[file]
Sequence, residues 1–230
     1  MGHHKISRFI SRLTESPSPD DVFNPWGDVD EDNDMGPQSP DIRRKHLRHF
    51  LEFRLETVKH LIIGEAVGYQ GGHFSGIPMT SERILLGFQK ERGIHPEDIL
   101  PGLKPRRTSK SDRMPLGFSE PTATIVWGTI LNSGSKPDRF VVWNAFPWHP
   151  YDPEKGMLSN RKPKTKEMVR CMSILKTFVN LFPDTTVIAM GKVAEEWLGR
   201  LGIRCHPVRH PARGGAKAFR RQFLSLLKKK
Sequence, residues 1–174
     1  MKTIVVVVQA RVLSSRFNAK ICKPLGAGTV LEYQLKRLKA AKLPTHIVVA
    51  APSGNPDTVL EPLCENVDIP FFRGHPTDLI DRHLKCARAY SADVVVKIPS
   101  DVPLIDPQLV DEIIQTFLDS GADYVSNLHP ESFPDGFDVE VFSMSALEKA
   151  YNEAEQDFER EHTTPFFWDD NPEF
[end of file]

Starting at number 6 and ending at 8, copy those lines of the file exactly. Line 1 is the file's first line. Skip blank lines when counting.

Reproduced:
   201  LGIRCHPVRH PARGGAKAFR RQFLSLLKKK
Sequence, residues 1–174
     1  MKTIVVVVQA RVLSSRFNAK ICKPLGAGTV LEYQLKRLKA AKLPTHIVVA